Lovric’s second historical novel (The Floating Book, 2004) travels between London and Venice to follow a Venetian actress’s unconventional romance with a British entrepreneur/criminal in the late 1700s.
The nuns at the convent where her patrician parents have placed her turn a blind eye when 15-year-old Catarina Venier carries on an affair with an Englishman outside the convent gates, but then she gets pregnant, her lover abandons her and the baby dies in childbirth. After hot-tempered Catarina attacks a nun, she is declared legally dead. Actually, she is forced to spy for the Inquisitors of Venice while assuming a new identity as the actress Mimosina Dolcezza. While performing in London, Mimosina begins a love affair with a theater patron, Valentine Greatrakes. She believes that through marriage to an Englishman of substance like Greatrakes, she can escape her Venetian enslavement to the Inquisitors. She thinks she has only one obstacle: Greatrakes’s devotion to Pevenche, the bratty daughter of his recently murdered best friend Tom. Actually, Greatrakes is a violent charlatan and member of the London underworld who woos Mimosina under the mistaken assumption that she lacks guile. Each lover’s secret and the tricks each performs to ensnare the other often work against the affair. The Inquisitors order Mimosina back to Venice. Unaware that Valentine has followed, she escapes in a gondola and returns to London where, working for a con artist, she learns Valentine’s real station in life.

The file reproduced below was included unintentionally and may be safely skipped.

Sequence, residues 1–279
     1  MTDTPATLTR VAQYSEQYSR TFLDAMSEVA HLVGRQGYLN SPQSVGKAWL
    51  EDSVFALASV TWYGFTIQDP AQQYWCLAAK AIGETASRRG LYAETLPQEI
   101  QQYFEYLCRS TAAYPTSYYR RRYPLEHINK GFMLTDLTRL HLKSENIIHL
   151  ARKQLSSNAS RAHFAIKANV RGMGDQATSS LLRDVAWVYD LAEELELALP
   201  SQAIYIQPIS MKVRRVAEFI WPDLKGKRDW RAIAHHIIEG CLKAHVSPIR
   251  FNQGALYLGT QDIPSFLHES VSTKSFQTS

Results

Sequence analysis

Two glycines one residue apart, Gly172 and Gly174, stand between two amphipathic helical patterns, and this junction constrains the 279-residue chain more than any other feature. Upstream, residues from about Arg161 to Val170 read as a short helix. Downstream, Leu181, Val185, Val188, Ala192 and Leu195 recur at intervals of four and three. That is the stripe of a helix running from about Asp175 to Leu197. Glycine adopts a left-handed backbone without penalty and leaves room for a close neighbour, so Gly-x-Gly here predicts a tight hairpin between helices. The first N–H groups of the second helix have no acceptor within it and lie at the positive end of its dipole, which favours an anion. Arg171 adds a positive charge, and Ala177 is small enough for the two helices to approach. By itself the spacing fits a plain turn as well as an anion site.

Despite the merciless plot twists, Lovric’s real fascination is with the cities she describes in loving if endless detail.